Looks at provisions to regulate Master Trusts (a kind of pension scheme used by many employers for auto-enrolment) to be introduced under the Pension Schemes Act 2017.Jump to full report >>
Master Trusts are trust-based occupational pension schemes which seek to generate economies of scale by serving multiple employers, who may be entirely unrelated. Whereas traditional trust-based schemes are set up a by a single employer with an interest in it, Master Trusts are set up by a product provider, who installs a group of trustees to run it. The provider also supplies administration and investment services to the trustees. Employers can use Master Trusts to provide pensions for their workers, rather than setting up their own or using a Group Personal Pension (regulated by the Financial Conduct Authority).
In January 2017, there were 7.1m members and £10bn assets in 87 Master Trusts. This grew from 0.2 million members in 2010 as a result of requirements on employers to auto-enrol workers into workplace pensions, and is forecast to grow further. (Master Trust Impact Assessment, October 2017). Over half (59%) of individuals auto-enrolled by March 2017, had been enrolled into a Master Trust (PPI, The Future Book 2016, chart 4).
In May 2016, the Work and Pensions Select Committee described Master Trusts as a “good fit” with auto-enrolment because they provide the “ongoing oversight of investments provided by a trustee board at lower operating costs than single employer schemes, through economies of scale from pooling administrative functions”. However, it supported the Minister’s call for a Pensions Bill to introduce stronger regulation of Master Trusts. It recommended that a Bill should make provision for the Pensions Regulator to have power to enforce: minimum financial and governance standards for market entry; ongoing requirements for Master Trust schemes, which might include making compliance with the Master Trust assurance framework mandatory; and measures to protect member assets in the event of a Master Trust winding up. (HC Deb 579, March 2016).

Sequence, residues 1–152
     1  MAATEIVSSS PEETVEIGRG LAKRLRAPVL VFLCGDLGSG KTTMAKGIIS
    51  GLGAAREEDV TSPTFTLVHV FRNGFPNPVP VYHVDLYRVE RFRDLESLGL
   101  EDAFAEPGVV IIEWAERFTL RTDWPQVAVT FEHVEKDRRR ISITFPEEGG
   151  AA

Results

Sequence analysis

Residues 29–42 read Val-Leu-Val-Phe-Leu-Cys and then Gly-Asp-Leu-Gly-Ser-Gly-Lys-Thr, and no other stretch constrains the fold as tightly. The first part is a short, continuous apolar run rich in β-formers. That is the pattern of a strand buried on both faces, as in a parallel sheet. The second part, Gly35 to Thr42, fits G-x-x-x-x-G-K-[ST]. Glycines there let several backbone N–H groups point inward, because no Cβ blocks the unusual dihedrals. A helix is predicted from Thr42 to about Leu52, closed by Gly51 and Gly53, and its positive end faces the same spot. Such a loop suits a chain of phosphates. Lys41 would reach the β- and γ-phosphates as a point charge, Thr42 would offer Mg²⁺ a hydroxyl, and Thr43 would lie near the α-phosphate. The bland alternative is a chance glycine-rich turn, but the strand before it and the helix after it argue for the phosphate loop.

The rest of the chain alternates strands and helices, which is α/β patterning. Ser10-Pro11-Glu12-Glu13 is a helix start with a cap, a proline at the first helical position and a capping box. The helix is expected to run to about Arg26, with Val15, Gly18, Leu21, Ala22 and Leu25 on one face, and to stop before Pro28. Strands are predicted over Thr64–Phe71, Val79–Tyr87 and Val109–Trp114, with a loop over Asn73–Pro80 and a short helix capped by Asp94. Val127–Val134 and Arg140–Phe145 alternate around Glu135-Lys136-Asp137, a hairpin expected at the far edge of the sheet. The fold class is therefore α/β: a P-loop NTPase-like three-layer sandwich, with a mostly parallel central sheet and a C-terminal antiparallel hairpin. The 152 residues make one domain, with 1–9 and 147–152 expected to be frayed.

A consensus developed that the regulatory framework for trust-based occupational pension schemes was inadequate for Master Trusts because:
The Master Trust Assurance Framework developed by the Pensions Regulator (TPR) and the Institute of Chartered Accountants in England and Wales addressed some issues but was voluntary and did not address risks relating to financial stability and ensuring the provider holds sufficient capital in reserve.
Under the regulatory framework put in place by the Pension Schemes Act 2017 the Pensions Regulator (TPR) will be responsible for authorising and supervising master trusts against criteria relating to systems and processes, financial sustainability and that people running the schemes are fit and proper. Authorisation is expected to start from October 2018. However, to protect members of existing schemes, some provisions took effect from the time the legislation was introduced to Parliament (HC Deb 30 Jan 2017 c756). TPR explains what schemes need to do in the meantime:
If you are involved with a master trust you have duties to report certain ‘triggering events’ to us. These events may indicate that the scheme cannot continue to operate. You also cannot increase charges to members during a triggering event period. Read more about these triggering event duties.
You should continue to comply with the standards set out in our DC code.
We also expect you to obtain master trust assurance to help you show that you have governance and administration standards that meet the DC code.
The details of the authorisation and supervision regime for Master Trusts are in the Occupational Pension Schemes (Master Trusts) Regulations 2018 (SI 2018 No. 983). In debate in Parliament, Baroness Buscombe explained:
From 1 October, both existing and new master trust pension schemes will be required to be authorised by the Pensions Regulator and will be subject to ongoing supervision by the regulator to ensure that they are maintaining the standards required at authorisation. Any scheme that opts out of applying for authorisation, or which fails to meet the required standards upon application, will be required to wind up and transfer its members to an authorised scheme (HL Deb 18 July 2018 c101GC)
She said the Government had always been clear that a significant number of schemes are unlikely to meet these standards and will need to leave the market. TPR was working closely with 20 schemes that had already closed or signalled their intention to wind up, including by helping them find appropriate destinations for their members. (Ibid c102).
Commons Briefing papers CBP-7758
Author: Djuna Thurley